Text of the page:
Suicide From Harlem To Hollis Remains Consistent With Pre-Pandemic Data

Today, the NYC Health Department released a new report detailing provisional suicide death data for the first six months of 2021.

From January to June, there were 285 suicide deaths — a number that is consistent with the numbers across the previous decade.

The Health Department continues to remind New Yorkers that free, confidential mental health support is available through the City’s mental health helpline NYC Well by calling 888-NYC-WELL or by visiting nyc.gov/nycwell.

New Yorkers dialing from NYC area codes can also access help through the new National Suicide Prevention Hotline by dialing 988.

“Every 16 hours, someone dies from suicide in New York City,” said Health Commissioner Dr. Ashwin Vasan. “All of us have been touched by suicide in some way, including myself and my family. We must, once and for all, eliminate shame, stigma, and discrimination around mental health needs. It’s okay to ask for help. If you’re struggling with your mental health, support is available. Call or text NYC Well to connect with a counselor and learn more about available help and resources. You are not alone.”


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Based on the NYC Community Health Survey data from 2020, 2.4% of NYC adults ages 18 and older thought seriously about ending their own life at some point in the past 12 months. Among those with suicidal ideation, 14.1% attempted suicide in the past 12 months.

Over the last decade, the overall rate of suicide has remained flat in NYC and is about half of the national rate, according to a Health Department report released last year looking at suicide death trends from 2010 to 2019.

Overall, the COVID-19 pandemic has presented substantial mental health challenges and stressors to New Yorkers. Social isolation, trauma, and social and economic insecurity during the pandemic have contributed to rising mental health needs.

Symptoms of anxiety and depression continued to be elevated compared with pre-pandemic levels, and call volume to NYC Well has increased, according to Health Department data.

Available suicide death data from 2021 remains consistent with suicide death numbers in years prior to the pandemic.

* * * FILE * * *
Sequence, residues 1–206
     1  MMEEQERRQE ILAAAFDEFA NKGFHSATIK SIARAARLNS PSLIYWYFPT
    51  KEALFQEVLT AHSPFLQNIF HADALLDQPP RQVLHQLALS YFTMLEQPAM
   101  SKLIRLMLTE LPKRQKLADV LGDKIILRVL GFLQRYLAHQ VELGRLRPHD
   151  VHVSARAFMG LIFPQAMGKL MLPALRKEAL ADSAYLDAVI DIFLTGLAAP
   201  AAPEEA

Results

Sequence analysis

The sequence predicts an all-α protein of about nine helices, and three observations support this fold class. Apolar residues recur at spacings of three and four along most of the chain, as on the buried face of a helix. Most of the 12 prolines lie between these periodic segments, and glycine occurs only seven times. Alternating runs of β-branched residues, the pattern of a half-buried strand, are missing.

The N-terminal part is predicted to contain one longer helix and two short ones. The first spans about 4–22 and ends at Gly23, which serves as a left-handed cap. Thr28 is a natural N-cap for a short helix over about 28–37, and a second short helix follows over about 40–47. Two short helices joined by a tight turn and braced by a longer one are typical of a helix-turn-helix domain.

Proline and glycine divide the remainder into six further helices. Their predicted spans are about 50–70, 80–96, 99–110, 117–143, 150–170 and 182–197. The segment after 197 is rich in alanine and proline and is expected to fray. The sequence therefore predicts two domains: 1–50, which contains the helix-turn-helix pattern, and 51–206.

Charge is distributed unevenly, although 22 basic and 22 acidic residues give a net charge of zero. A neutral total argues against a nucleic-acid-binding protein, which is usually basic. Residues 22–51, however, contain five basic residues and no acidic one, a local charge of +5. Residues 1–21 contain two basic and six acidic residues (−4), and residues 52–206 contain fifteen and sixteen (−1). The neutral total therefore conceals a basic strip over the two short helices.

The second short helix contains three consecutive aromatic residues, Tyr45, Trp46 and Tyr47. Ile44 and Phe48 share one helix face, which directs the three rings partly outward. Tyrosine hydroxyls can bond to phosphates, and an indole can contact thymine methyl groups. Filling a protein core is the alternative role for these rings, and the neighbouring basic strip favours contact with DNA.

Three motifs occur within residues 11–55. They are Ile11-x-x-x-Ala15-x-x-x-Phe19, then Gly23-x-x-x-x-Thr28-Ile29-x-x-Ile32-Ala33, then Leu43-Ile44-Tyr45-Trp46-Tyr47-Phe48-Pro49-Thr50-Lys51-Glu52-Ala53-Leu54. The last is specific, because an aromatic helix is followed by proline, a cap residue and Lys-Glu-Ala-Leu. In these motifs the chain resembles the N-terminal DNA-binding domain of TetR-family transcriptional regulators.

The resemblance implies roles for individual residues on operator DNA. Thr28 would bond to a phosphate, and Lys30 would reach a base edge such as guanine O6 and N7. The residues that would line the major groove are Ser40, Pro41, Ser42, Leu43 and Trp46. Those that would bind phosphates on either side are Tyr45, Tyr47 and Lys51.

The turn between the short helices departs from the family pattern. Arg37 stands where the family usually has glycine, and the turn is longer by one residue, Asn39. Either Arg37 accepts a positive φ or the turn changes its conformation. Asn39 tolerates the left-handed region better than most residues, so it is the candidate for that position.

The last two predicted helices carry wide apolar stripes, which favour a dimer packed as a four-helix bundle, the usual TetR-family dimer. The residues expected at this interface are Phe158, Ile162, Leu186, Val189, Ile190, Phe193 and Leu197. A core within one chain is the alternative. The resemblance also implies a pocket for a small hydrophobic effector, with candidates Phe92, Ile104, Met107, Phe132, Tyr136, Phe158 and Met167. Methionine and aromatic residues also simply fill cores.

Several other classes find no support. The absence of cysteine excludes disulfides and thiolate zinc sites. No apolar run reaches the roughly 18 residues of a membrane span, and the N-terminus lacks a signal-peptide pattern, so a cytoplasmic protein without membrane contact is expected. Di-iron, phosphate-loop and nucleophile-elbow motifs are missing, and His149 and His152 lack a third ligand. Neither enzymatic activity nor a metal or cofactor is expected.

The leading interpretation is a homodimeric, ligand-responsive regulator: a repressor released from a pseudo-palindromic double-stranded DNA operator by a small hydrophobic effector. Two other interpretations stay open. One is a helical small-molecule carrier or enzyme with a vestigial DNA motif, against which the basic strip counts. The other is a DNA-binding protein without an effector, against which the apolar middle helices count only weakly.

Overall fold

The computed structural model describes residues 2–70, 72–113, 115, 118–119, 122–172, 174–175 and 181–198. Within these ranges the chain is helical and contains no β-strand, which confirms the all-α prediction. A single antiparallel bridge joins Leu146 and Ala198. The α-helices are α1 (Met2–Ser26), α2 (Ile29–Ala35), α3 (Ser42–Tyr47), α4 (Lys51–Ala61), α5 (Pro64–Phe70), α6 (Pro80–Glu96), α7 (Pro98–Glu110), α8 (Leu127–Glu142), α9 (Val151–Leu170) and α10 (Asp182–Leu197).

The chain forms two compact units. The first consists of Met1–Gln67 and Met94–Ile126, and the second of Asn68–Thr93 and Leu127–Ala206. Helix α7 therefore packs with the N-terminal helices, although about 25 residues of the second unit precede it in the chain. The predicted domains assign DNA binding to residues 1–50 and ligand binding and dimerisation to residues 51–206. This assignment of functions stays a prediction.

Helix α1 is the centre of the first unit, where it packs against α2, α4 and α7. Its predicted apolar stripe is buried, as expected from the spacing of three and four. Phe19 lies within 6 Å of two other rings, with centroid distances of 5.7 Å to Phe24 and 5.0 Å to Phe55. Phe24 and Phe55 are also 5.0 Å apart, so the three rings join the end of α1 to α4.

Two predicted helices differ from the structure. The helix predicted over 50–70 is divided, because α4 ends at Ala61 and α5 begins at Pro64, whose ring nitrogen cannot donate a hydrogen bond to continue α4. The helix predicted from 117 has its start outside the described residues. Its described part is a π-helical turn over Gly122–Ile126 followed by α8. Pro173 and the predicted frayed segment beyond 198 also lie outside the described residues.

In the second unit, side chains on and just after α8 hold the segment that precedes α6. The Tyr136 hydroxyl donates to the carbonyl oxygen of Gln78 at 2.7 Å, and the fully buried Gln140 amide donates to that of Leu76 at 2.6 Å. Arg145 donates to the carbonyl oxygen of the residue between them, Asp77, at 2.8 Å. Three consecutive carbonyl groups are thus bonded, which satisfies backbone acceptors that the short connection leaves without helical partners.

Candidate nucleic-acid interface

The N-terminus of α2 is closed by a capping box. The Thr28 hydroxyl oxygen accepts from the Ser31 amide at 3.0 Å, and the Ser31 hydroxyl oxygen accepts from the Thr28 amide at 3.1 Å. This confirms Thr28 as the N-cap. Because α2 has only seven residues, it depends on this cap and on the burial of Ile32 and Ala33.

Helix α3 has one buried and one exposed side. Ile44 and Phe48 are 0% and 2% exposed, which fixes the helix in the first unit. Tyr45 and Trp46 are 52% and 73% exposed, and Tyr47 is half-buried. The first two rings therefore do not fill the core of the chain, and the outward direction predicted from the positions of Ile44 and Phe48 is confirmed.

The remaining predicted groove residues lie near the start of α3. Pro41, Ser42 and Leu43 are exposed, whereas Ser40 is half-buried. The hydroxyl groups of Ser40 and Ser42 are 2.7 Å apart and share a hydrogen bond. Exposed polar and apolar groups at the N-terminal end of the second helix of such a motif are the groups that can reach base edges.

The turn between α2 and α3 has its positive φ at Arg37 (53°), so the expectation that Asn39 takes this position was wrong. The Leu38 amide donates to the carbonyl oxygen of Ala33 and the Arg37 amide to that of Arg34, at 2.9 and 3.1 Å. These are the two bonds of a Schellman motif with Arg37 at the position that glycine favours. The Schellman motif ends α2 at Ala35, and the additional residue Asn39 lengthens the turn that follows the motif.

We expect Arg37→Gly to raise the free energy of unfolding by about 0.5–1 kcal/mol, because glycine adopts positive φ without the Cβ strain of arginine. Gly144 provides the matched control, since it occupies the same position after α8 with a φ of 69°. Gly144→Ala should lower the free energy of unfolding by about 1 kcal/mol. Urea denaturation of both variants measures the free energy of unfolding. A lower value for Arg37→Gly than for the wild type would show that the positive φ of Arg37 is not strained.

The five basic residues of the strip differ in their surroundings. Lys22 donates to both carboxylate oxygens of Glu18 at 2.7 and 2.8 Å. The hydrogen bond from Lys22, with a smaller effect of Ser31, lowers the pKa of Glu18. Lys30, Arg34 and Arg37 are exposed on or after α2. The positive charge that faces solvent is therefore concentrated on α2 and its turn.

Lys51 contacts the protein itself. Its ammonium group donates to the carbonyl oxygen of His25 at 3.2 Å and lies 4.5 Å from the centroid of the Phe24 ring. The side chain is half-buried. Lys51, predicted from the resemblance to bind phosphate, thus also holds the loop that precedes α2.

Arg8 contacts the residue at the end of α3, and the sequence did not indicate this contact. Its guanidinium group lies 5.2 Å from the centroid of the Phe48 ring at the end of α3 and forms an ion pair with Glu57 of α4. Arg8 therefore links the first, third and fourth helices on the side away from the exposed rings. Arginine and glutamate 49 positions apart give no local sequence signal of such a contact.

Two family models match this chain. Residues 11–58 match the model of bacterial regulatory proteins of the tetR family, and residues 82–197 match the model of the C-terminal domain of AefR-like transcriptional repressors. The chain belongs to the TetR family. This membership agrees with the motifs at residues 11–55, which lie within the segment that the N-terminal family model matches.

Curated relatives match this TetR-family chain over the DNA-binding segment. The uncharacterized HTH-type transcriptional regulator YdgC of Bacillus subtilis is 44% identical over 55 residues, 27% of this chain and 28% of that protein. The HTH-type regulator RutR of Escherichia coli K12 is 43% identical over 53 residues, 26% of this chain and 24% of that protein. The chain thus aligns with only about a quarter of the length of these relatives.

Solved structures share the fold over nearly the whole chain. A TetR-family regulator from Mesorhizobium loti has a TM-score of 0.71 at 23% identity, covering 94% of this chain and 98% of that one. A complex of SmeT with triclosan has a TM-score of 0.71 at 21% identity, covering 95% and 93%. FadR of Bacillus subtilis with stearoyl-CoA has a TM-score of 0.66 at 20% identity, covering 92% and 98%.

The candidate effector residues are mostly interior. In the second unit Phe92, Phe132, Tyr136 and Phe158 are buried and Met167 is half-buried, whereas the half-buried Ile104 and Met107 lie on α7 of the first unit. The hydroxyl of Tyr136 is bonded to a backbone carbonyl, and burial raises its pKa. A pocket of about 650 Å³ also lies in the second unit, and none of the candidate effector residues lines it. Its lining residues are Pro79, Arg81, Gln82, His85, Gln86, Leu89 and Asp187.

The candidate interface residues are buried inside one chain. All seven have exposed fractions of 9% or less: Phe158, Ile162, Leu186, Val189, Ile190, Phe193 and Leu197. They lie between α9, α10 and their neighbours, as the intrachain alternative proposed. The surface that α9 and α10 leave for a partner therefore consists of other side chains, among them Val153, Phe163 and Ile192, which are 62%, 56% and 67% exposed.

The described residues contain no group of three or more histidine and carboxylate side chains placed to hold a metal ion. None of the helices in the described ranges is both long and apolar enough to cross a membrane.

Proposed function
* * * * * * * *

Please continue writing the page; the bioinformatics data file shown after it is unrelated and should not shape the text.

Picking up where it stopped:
Suicide is preventable. Warning signs that someone may be considering suicide include:

  • Talking about death or suicide
  • Showing or talking about feelings of hopelessness
  • Saying they are a burden, avoiding friends and family
  • Losing interest in activities
  • Displaying mood swings
  • Giving away possessions
  • Saying goodbye to family or friends

common misconception is that talking or asking about suicide will give someone the idea to harm themselves. This is not true. By being open and asking directly — with questions such as ‘Are you thinking of ending your life?’ — you are giving someone an opportunity to share and allow you to help. Listen to their story without judgment and let them know you care.



New Yorkers seeking support with their mental health or who are concerned about a loved one can connect to free, trained counselors available in over 200 languages, 24/7 by contacting NYC Well: Call 888-NYC-WELL, text “WELL” to 65173 or chat online at nyc.gov/nycwell. New Yorkers calling from an NYC area code can also call 988, the recently launched national mental health helpline number, as 988 callers with New York City area codes are routed to NYC Well.

If you or someone you know is at immediate risk of hurting themselves, or in immediate danger, call 911.

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